In which areas is the company committed to sustainability and social innovation?

The company works on a small scale with industrial symbiosis and circularity.

As early as 1967, Solbacka began using its own waste products (wood chips and shavings) for heating. But the company produces more waste than they need for their heating and today several other organizations use Solbacka's waste. The nearby wood company Ötab buys wood chips for heating and chips for the production of pellets. In other words: there is industrial symbiosis on a small scale. And the local church where several employees are members can buy wood chips for their own heating at a discounted price! They have also tried to use sawn-off round bars to make kitchen accessories, such as potholders, instead of burning them but so far only to a limited extent.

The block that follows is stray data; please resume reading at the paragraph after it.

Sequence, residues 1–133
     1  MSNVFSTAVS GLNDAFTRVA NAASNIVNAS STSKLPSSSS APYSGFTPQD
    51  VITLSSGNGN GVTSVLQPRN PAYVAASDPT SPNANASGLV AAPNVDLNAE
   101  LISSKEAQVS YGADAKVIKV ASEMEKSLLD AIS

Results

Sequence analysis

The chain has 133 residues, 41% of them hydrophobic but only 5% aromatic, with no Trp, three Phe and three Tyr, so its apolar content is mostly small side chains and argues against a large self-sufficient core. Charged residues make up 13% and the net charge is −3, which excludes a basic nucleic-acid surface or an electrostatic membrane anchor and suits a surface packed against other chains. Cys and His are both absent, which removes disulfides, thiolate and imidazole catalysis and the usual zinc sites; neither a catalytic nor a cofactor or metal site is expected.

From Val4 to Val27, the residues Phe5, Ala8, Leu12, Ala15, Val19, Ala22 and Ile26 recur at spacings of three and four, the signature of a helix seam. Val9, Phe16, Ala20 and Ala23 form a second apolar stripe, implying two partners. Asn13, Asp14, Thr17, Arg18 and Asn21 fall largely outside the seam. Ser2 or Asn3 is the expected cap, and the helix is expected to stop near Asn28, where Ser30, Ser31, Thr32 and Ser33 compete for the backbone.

An unusual symbiosis that the company has created focuses on logistics together with the nearby second-hand shop 'Hjälpen' and the non-profit organization SAM-hjälpen. Several times during the year, Solbacka needs to bring home products from subcontractors in Poland and then they coordinate the transport with relief shipments to Romania and Eastern Europe. The truck that drives relief shipments from Sweden returns through Poland and picks up the company's cargo on the way home.

The company recruits primarily from the local area.